Enhanced weathering (EW) is a relatively new and low-tech carbon dioxide removal (CDR) technology with a significant potential to mitigate climate change1,2,3. The principle of this technology relies on accelerating the natural mineral weathering process in soils, leading to the sequestration of carbon dioxide (CO2) as inorganic carbon (IC)3. Enhanced weathering aims at increasing IC sequestration by artificially optimizing the factors governing mineral weathering, thereby enhancing the speed through which weathering occurs to humanly relevant time scales3. For EW to be most effective, fast-weathering silicate minerals are ground into a powder with a grain size distribution in the micrometers to millimeters range to reach a high reactive surface area in the ~1 m2·g-1 range3,4.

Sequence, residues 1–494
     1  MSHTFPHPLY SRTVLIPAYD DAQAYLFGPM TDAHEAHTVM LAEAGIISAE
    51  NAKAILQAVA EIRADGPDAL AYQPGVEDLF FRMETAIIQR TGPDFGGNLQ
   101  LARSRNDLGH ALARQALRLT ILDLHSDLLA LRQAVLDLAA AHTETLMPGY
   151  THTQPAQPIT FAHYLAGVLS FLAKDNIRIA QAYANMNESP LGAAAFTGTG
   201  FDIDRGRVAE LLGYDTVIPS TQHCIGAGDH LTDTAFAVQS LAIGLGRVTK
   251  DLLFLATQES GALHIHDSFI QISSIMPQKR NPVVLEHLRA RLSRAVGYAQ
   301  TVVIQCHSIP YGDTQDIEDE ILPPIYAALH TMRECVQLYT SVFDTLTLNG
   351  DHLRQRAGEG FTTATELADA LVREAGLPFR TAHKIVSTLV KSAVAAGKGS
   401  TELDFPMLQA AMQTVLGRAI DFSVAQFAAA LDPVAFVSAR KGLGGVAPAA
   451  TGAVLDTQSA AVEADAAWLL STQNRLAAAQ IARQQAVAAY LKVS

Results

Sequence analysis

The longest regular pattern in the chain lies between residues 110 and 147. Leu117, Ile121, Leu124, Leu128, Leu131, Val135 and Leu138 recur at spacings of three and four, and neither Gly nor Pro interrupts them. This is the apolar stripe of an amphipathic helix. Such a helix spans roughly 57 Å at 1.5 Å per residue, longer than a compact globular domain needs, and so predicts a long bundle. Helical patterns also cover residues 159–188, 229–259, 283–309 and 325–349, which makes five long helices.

So far, knowledge about EW has been mainly provided by experiments that focus on abiotic factors governing the rates at which minerals are dissolved5. These include mineral reactivity and surface area, temperature, solution composition, water residence time, and acidity4,6,7, but research still needs to be done within this context. Besides being influenced by abiotic factors, natural systems, and soils in particular, are shaped by a vast number of organisms, ranging from microbes to macrofauna such as earthworms. Despite some studies having shown little or no influence of the biotic activity of mineral dissolution8,9,10, other studies have provided evidence that soil organisms such as bacteria11,12, fungi13,14, and earthworms15,16 could increase mineral weathering rates. Therefore, biotic components could be key to understanding the actual IC sequestration potential of EW5.